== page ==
March 24, 1952
PUBLIX SHIRT CORPORATION, APPELLANT
Appeal, No. 32, Jan. T., 1952, from judgment of Court of Common Pleas of Berks County, April T., 1950, No. 13, in case of Norman M. Bashore et ux. v. Publix Shirt Corporation. Judgment affirmed.
George R. Eves, for appellant.
Dawson H. Muth, and Body, Muth, Rhoda & Stoudt, for appellees, were not heard.
Before Drew, C.j., Stern, Stearne, Bell, Chidsey and Musmanno, JJ.
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OPINION PER CURIAM
Plaintiffs, Norman M. Bashore and his wife, Helen M. Bashore, brought this action in trespass for the damage done to their restaurant building when the truck owned by defendant, Publix Shirt Corporation, crashed into the front of it. The jury returned a verdict of $6,070.53. After its motion for judgment n.o.v. was denied and judgment was entered on the verdict, defendant appealed.
Plaintiffs are the owners and operators of a restaurant located on the north side of Route 22 in Bethel
[ 370 Pa. Page 143]
Township, Berks County. At that point Route 22 is a two-lane concrete highway running east and west. On December 19, 1949, defendant's truck was being operated in a westerly direction on this roadway. Plaintiffs adduced testimony to show that when the truck reached a point on the highway near plaintiffs' place of business, it left the highway, travelled through soft, muddy ground a distance of approximately ninety-seven feet, hit a parked car, then, without slowing down, struck the front of the restaurant, and proceeded into the building a distance of about fifteen feet. The collision demolished the building and caused extensive damage to its interior as well as to furnishings, fixtures and supplies. Plaintiffs also testified that after the accident, defendant's driver stated to them that he "must have got on the gas instead of the brakes."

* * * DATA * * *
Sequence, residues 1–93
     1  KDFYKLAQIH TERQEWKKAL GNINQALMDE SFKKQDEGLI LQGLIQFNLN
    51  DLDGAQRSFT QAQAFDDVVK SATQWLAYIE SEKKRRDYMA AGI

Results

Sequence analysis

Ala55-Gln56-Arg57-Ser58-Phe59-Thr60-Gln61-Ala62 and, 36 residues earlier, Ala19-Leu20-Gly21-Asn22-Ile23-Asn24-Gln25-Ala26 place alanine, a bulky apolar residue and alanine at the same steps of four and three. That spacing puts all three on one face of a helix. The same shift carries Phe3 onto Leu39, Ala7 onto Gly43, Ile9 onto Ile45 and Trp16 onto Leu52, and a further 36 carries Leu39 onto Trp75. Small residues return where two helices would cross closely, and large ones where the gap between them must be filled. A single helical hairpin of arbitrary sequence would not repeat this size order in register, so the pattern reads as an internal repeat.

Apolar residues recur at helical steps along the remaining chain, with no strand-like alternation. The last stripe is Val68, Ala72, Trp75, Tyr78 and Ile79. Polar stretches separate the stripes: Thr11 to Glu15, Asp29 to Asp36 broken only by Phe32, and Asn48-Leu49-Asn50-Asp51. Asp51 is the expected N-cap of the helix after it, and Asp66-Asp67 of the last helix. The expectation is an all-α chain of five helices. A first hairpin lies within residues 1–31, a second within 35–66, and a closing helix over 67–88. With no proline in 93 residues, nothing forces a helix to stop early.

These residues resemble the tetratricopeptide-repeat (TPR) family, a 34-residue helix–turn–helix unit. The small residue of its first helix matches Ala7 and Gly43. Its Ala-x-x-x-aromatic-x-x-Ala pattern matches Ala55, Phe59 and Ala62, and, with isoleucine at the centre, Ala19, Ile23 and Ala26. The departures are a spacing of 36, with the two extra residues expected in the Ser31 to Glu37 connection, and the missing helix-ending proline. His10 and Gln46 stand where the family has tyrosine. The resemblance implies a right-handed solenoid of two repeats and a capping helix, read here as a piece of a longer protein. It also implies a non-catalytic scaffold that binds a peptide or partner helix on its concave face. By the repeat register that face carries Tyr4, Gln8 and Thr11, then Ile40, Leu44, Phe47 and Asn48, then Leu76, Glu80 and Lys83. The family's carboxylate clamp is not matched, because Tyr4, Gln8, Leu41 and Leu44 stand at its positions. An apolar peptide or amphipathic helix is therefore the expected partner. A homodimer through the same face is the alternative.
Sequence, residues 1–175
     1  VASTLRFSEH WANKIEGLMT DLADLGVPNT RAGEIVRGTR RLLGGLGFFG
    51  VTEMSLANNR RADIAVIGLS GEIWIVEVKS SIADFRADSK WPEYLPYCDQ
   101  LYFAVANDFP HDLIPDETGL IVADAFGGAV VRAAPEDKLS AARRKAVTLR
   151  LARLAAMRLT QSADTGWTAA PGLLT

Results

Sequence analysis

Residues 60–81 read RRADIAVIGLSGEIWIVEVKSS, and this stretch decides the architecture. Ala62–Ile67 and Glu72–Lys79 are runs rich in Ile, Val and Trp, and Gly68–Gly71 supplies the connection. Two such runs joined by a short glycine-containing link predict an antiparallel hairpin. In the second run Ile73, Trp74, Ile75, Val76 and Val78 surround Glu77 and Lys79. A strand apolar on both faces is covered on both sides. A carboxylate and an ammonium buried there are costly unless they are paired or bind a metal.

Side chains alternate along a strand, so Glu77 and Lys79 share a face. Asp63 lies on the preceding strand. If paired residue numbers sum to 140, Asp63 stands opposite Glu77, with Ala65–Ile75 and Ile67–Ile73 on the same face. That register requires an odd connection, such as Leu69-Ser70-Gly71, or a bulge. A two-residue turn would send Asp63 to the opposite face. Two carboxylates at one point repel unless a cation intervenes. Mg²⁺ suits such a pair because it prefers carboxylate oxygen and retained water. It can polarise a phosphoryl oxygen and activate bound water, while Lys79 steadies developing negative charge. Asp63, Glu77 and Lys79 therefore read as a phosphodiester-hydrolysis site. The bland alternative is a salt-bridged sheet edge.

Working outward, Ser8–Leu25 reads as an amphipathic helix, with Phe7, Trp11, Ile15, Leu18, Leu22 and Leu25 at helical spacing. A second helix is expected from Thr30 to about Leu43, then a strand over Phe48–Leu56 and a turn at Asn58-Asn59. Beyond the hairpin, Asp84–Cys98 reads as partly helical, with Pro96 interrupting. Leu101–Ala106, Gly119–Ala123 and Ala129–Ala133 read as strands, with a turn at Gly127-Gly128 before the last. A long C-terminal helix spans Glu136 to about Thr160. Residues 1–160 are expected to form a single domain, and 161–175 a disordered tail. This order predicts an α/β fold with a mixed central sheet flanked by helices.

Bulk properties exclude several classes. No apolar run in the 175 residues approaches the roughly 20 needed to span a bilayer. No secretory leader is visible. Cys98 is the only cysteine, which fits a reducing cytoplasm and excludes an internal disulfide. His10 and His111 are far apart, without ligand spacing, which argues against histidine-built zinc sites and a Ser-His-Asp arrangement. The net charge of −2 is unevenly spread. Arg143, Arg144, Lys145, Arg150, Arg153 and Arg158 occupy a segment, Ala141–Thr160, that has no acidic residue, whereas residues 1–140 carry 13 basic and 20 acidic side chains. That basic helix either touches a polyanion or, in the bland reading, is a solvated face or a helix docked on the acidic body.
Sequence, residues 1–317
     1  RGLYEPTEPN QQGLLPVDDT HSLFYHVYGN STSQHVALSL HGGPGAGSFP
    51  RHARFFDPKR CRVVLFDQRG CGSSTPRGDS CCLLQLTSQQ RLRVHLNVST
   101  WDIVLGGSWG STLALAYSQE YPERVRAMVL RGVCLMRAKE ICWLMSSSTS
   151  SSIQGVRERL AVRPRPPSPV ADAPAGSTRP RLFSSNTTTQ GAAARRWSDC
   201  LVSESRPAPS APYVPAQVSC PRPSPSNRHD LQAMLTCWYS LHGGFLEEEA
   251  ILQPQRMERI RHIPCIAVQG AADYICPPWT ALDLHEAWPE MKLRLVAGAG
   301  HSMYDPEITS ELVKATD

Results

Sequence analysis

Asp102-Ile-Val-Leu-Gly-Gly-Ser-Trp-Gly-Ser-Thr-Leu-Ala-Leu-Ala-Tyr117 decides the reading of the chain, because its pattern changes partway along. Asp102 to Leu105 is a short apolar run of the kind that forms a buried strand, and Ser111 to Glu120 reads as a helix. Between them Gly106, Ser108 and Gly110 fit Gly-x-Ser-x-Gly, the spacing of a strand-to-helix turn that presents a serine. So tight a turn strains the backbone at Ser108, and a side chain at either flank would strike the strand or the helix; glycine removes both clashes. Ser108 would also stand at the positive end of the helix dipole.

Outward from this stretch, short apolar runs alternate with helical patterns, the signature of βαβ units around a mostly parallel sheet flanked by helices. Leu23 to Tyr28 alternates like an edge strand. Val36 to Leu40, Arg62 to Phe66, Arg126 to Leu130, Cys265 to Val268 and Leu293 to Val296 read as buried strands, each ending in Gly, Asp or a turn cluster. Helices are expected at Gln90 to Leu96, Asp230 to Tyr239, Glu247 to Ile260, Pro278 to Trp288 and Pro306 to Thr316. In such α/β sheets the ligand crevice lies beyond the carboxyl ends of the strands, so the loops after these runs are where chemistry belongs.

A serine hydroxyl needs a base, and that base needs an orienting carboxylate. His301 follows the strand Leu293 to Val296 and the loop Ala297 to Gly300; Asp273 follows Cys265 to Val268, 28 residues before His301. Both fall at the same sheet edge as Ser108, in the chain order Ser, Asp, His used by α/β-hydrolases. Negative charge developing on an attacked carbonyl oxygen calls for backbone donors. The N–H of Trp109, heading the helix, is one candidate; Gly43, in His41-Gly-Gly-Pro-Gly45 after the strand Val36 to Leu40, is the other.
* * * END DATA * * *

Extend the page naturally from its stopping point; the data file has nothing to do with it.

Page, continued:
On this evidence, it is clear that the jury properly could infer that the negligence of defendant was the proximate cause of this accident. Defendant's driver admittedly was in exclusive control and management of the truck, and the collision obviously was such that in the ordinary course of events would not happen when a motor vehicle is operated with due care. It is well settled that negligence may be inferred from the circumstances attending an accident: Turek v. Pennsylvania R.R. Co., 361 Pa. 512, 64 A.2d 779. This Court in this connection said, in Commonwealth v. Montour Transport Co., 365 Pa. 72, 76, 73 A.2d 659; "The facts pleaded by the plaintiff, when proven, will afford an inference of negligence that will carry the case to the jury; and the duty will then be upon the defendant to exculpate itself by acceptable explanation that the accident occurred through on fault of its own." (Italics added). See also Shafer v. Lacock, Hawthorn & Co., 168 Pa. 497, 32 A. 44.
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As a defense, defendant introduced testimony to the effect that a truck, travelling eastwardly on Route 22 swerved to avoid an oncoming car, brushed against defendant's truck, causing the latter vehicle to leave the highway and crash into plaintiffs' restaurant. It is the contention of defendant that even though there may be sufficient evidence in plaintiffs' case to take the question of defendant's negligence to the jury, nevertheless, since the testimony offered by defendant would indicate that the damage to plaintiffs' building was brought about through no fault of defendant's driver, the court below erred in refusing to enter judgment n.o.v. for defendant. With this contention we cannot agree. It was still a matter exclusively for the jury to determine the credibility of the witnesses and to ascertain, after considering all the evidence, whether or not plaintiffs had met the burden of proof that defendant's driver was negligent and that that negligence was the proximate cause of the damage to their building.
Even though the jury believed defendant's testimony that its truck was brushed by another vehicle causing the former vehicle to leave the highway, the fact that defendant's truck travelled a distance of ninety-seven feet from the roadway, without an apparent slackening of speed, ran into a parked car and crashed into plaintiffs' building with such terrific force as to demolish, it, warranted the jury in finding that defendant's driver put his foot on the accelerator instead of on the brake and that his truck was out of control because of the driver's failure to act properly under the circumstances.
We are convinced that the learned court below did not err in refusing to enter judgment for defendant, notwithstanding the verdict.
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